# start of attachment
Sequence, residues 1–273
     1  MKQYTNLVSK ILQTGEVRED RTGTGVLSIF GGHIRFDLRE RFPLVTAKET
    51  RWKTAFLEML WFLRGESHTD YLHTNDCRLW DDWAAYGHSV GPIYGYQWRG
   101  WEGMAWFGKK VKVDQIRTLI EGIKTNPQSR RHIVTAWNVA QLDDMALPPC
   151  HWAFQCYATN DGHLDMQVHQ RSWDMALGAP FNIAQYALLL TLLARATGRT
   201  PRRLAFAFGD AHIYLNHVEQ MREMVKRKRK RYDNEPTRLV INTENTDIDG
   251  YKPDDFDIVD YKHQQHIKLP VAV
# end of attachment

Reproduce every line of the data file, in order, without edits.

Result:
Sequence, residues 1–273
     1  MKQYTNLVSK ILQTGEVRED RTGTGVLSIF GGHIRFDLRE RFPLVTAKET
    51  RWKTAFLEML WFLRGESHTD YLHTNDCRLW DDWAAYGHSV GPIYGYQWRG
   101  WEGMAWFGKK VKVDQIRTLI EGIKTNPQSR RHIVTAWNVA QLDDMALPPC
   151  HWAFQCYATN DGHLDMQVHQ RSWDMALGAP FNIAQYALLL TLLARATGRT
   201  PRRLAFAFGD AHIYLNHVEQ MREMVKRKRK RYDNEPTRLV INTENTDIDG
   251  YKPDDFDIVD YKHQQHIKLP VAV